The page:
Wood beyond the floor

Wood wall cladding and panelling have shaken off their faded 1970s reputation and interior designers and architects have been looking at multi-surface wood with fresh eyes, resulting in a resurgence in use in both residential and commercial projects.

Reclaimed wood on walls, ceilings and floors brings warmth and personality to a room, whatever your interior style. Wood wall cladding adds pattern, texture and tone to a project, depending on the wood, by adding layers of interest or creating a pièce de résistance.

Reclaimed wood on the walls and floors, workspace in London

Beyond panelling: wood adds texture, pattern and personality to projects

Wood wall cladding today is vastly different to the orange hued pines of the 70s. Today’s wood wall cladding encompasses texture and pattern more than ever before, allowing you to choose statement cladding or more of a minimalist approach that will blend seamlessly with your existing décor.

Wood is a great material for adding warmth to a space and this isn’t exclusive to floors. Geometric patterns like herringbone or chevron add texture to projects and choosing wood with a distinctive grain allows you to have pattern within a simple plank installation. Wood wall and ceiling cladding isn’t limited to large expanses either, the horizontal arrangement of planks tricks the eye into thinking a room is wider than it is.

For new build homes that lack charm and original features, adding wood wall and ceiling cladding adds character within the space. Wood can also be used in interiors to create intimacy, pictured below is the Crazy Bear Hotel’s meeting room. This room has been entirely clad in reclaimed wood, creating a space that feels more private and homely.

The Crazy Bear Hotel 

Wood brings nature indoors 

Wood is one of the most natural materials, it connects you to the outside world through its texture, smell and appearance. Wood wall and ceiling cladding allows you to capture and maximise the tranquil and relaxing ambiance which defines nature.

Not only is reclaimed timber the most environmentally friendly way to use wood beyond the floor, it also brings a story to your space. Our Bold Surfaces portfolio offers reclaimed wood with hidden surprised and vibrant secrets within each plank;  capturing a lifetime of adventure, history and heritage. We’ve travelled halfway across the globe to salvage Teak from Javanese fishing boats and hunted down nineteenth-century railway Oak. The characterful markings that point to former uses have been accentuated during the restoration process.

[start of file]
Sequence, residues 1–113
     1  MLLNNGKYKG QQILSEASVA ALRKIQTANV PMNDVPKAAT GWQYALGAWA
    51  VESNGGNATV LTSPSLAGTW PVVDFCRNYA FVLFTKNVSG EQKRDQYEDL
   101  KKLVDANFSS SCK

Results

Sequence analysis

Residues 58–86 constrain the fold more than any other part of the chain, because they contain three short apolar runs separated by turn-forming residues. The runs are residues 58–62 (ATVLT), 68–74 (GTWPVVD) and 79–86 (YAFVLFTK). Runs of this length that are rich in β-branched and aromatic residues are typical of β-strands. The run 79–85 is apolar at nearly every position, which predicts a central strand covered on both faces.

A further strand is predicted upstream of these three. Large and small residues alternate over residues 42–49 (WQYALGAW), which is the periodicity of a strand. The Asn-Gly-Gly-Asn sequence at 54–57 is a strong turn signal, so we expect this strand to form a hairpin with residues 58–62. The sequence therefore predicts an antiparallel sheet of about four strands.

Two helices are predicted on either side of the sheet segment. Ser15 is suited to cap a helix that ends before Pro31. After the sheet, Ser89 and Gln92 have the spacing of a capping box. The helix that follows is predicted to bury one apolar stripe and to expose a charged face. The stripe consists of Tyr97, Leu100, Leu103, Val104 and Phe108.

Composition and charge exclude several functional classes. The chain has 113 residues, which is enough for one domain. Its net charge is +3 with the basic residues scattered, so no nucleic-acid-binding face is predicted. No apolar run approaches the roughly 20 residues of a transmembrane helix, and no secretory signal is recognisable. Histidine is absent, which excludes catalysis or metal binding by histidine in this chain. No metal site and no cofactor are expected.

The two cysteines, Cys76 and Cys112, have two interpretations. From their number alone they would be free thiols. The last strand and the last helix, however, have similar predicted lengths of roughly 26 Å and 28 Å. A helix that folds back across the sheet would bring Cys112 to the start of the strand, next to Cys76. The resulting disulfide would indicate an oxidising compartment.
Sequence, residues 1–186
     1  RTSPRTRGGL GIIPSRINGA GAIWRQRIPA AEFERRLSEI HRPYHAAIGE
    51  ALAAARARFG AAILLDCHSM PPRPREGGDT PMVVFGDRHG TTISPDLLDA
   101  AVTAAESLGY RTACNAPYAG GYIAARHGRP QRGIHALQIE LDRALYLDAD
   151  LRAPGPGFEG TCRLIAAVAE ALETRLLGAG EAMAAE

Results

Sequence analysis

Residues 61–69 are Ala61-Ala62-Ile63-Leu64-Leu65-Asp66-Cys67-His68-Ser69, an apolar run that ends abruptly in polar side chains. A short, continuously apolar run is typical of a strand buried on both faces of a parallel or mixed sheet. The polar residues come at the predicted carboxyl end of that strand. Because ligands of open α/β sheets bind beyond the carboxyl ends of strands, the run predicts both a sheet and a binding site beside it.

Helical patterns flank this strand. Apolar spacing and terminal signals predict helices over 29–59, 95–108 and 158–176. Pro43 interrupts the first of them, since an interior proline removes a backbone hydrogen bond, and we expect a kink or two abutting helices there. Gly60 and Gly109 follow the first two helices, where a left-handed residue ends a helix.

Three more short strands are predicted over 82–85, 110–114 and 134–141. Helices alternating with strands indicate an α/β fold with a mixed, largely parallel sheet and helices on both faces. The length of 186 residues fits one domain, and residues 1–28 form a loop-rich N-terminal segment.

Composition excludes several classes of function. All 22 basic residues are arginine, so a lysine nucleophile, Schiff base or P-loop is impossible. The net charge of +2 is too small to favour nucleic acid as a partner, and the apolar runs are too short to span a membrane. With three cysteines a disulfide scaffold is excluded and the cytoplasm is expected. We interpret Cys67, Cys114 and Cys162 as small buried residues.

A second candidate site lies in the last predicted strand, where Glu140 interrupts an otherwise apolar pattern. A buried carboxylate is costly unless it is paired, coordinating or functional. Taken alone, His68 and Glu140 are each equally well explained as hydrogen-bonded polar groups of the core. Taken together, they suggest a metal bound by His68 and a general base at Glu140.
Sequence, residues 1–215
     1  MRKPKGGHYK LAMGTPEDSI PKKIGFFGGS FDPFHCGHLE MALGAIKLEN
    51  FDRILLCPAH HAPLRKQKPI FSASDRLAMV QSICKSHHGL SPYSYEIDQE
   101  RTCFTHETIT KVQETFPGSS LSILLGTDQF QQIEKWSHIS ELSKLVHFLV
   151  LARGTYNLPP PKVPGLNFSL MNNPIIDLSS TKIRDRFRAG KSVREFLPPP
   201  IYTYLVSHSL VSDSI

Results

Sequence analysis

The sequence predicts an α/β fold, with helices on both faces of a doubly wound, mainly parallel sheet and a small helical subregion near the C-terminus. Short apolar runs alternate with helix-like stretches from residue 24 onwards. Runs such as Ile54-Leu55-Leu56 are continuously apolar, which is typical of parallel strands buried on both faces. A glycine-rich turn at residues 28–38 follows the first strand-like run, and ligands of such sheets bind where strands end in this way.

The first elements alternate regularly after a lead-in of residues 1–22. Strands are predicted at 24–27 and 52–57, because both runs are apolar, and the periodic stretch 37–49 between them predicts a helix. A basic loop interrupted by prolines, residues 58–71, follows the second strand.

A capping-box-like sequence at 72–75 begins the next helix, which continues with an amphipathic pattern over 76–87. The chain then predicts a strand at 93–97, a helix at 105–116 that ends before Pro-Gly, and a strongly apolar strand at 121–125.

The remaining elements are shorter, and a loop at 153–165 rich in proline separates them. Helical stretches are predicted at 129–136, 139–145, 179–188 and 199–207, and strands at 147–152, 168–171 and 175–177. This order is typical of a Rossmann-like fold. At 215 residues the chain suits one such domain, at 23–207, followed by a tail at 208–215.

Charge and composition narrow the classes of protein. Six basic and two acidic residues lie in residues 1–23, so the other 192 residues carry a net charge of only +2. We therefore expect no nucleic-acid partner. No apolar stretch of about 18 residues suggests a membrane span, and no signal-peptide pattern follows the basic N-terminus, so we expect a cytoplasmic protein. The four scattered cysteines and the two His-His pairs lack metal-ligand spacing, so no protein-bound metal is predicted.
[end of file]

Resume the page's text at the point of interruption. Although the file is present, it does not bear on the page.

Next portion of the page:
Reclaimed wood on the ceiling and floor of this private residence

Wood wall cladding helps to define zones

Wood wall cladding helps you achieve flow, allowing you to transition between areas by creating ‘zones’ to reflect moods and articulate style. Wood on walls creates connection between different rooms and areas and make them feel as a part of the overall design.

Pictured below is a perfect example of this, wood wall cladding has been added to the end of this kitchen, marking out a separate area in the room. The cladding has been crafted from the same wood as the floor, but different designs have been used in each, creating a seamless flow from space to space. 

Herringbone and plank formats used to define spaces in this private home

Wood on walls and ceilings isn’t exclusive to residential projects, wood allows you to break up areas in commercial settings too. In restaurants, wood is often used to separate different spaces. The restaurant Fazenda, pictured below, used our Ceruse wall cladding to highlight this private dining area and separate it from the rest of the restaurant, helping customers navigate the space.

Fazenda, Edinburgh

 Consider these factors when looking for wood cladding:

  • Texture – do you want your wall or ceiling cladding to be tactile or smooth? Does it work with other textures in the room?

  • Placement – where do you want to use the wood cladding? Do you want to create a ‘5th wall’ with your ceiling or do you want to highlight a particular zone?

  • Tone – will the colour of the wood compliment your existing décor or do you want it to standout?

If you’re looking to work wood into your next project but aren’t sure where to start, get in touch and we can organise a design appointment with you.

If you have a pattern, texture or tone in mind that you can find in our portfolio, we are happy to work with you to provide a solution entirely bespoke to you.

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